“Theater Oobleck, easily the most cerebral absurdist theater company (or absurdist cerebral company) in town, presents one of its most unlikely aesthetic and formal pairings of the company’s history… Mickle Maher’s The Hunchback Variations takes as its premise a panel discussion between the Hunchback of Notre Dame and Ludwig van Beethoven…
“And if The Hunchback Variations, which consists of 11 vignettes in which Quasimodo and Beethoven meditate on their failure, wasn’t heady enough, the play… has found a new incarnation as Oobleck’s first opera, opening this week at the Victory Gardens Biograph Theatre. The A.V. Club spoke with playwright Mickle Maher, author of the now-libretto, and composer Mark Messing (of Redmoon and co-founder of Mucca Pazza) about their own artistic collaboration and why opera suddenly seems to be so popular.”
Mia Clarke writes:
Two friends hatch a plan for a new kind of opera while at a birthday party for a billionaire.
“A billionaire’s birthday bash is not the most likely place for a pair of offbeat artists to have a meeting of creative minds. Yet, in 2008, when real estate magnate and Tribune owner Sam Zell threw himself a party, two of Chicago’s leading fringe creators found themselves mingling.”
Full story here
The Chicago Reader has listed Our top five theater picks for fall, including Baudelaire in A Box, Episode 3: Death and Other Excitements.
Tony Adler reports:
Buchen and Schoen plan to have all 126 poems boxed and ready by 2017, the sesquicentennial anniversary of Baudelaire’s death. You can gauge their progress this fall when they present cantastoria performances of the six poems that make up the “Death” section of Les Fleurs plus the magnificent “Anywhere Out of This World.”
Full article from the Reader
We love the lead of this review:
“If you’re in Chicago, and you’re looking for some brilliant comic juxtapositions, go see any show produced by the folks at Theater Oobleck; they are the Brilliant Comic Juxtapositions People.”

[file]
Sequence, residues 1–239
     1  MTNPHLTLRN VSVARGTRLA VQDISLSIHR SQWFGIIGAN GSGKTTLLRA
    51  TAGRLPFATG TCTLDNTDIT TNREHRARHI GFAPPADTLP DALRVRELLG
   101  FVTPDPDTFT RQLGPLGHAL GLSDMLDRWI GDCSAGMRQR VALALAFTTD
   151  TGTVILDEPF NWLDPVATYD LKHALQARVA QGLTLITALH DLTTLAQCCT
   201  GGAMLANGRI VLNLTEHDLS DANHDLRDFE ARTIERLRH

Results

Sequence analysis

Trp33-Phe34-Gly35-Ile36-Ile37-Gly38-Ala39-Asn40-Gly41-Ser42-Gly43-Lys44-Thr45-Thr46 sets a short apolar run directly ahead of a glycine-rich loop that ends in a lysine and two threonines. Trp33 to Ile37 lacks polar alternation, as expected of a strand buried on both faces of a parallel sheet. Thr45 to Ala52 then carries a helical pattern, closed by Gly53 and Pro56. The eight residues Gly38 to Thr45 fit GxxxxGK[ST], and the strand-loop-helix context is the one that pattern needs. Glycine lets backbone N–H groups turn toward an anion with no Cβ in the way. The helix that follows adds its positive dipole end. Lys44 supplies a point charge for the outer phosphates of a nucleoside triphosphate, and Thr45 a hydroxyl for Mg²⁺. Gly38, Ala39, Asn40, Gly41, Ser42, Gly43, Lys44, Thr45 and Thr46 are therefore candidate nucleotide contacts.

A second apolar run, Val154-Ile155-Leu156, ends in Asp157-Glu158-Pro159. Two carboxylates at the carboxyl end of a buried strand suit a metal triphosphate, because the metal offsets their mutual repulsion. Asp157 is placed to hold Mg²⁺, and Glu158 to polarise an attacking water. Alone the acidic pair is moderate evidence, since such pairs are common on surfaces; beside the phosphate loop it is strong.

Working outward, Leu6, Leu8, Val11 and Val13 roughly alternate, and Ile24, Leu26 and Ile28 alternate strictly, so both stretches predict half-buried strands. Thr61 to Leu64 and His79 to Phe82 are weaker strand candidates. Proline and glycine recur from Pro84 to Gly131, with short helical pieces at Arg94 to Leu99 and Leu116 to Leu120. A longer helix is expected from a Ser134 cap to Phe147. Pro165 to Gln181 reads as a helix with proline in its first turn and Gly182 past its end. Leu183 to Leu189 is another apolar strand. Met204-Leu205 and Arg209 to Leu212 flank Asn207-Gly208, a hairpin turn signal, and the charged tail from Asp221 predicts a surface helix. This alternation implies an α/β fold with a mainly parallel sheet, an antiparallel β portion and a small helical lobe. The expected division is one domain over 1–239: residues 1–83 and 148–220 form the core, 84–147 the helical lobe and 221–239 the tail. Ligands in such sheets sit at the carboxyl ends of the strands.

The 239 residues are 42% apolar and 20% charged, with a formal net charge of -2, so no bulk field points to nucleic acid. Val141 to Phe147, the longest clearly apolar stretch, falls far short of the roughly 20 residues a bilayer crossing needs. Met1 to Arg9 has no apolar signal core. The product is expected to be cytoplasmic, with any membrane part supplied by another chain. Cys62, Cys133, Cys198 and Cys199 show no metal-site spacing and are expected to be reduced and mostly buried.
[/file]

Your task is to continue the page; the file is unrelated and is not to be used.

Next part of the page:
And the rest of it isn’t so bad either! (No, actually it’s good. Very good. You can read it here.
“In this amusing solo lecture-cum-farce, [David Isaacson] exposes the cupidity, stupidity, narcissism, and—most of all—magical thinking behind the crisis by showing how nicely it parallels the financial misadventures of a man who got in on the ground floor of laissez-faire capitalism: the legendary lover, Giacomo Casanova. . . . Charming and smart.” — Tony Adler, in the Chicago Reader
Read the full review.
“If the financial shenanigans that led to our economic meltdown still make your eyes glaze over, David Isaacson’s new one-man show, “Casanova Takes a Bath,” should go a long way toward rectifying that.” — or so sayeth Nina Metz in the Chicago Tribune
Read the full review
Rebecca Palmore, of Metromix, talks with David Isaacson about Casanova, bubbles, and the sensual pleasures of global finance through the ages.
Monica Westin chats with David Isaacson and Dave Buchen about Casanova and 6×6.
“It’s a notable month for Theater Oobleck. With the remount of the company’s recent Rhino Fest contribution, “Casanova Takes a Bath,” at Prop Thtr in late May, and their current ambitious cantastoria project in conjunction with Links Hall (along with recent performances at the Hideout and the Packer Schopf Gallery), the company’s various members are performing and collaborating all over town.”
Old Ideas: Theatre Oobleck finds contemporary resonance in ancient texts and techniques
“With all the talk about iPads and 3-D movies, I long for a great technological leap backward, and this looks like just the thing.”
The Reader’s Tony Adler is down with the crankies.
"One can see encapsulated in this passage not only Maher’s passionate engagement with language at diverse levels—from the rhetorical mastery of syntax and cadence to the semantic wizardry of words, their ability to conjure habitable worlds out of bare ice and air—but also two of the issues that drive Maher throughout his various theatrical follies. There is the idea of the impossible or meaningless project as not just an intellectual limit or an aesthetic curiosity, but an ethical necessity: a “life-duty.” And there is the sense of inescapable loneliness heightened by the attempt to communicate, as though the fundamental ethical task is to make one’s own singularity intelligible and thereby transcend it—a task which in Maher’s universe seems inevitably doomed to failure."
–John Beer, The Point
Read the whole thing.
“By far the best piece of theater I saw all year.”
“A decade ago, the initial run of this diabolically clever monologue established the singular genius of playwright Mickle Maher, insouciantly infecting the Western canon with his dark brand of whimsy. This time around, Colm O’Reilly’s indelible performance as the soul-selling scholar, whispering and ranting his way through Maher’s hauntingly absurd and slippery language, made the chilly Chopin basement space the Chicago fringe’s epicenter. When David Shapiro’s silent Mephistopheles turned off the lights at play’s end, he left audiences as speechless as his character.”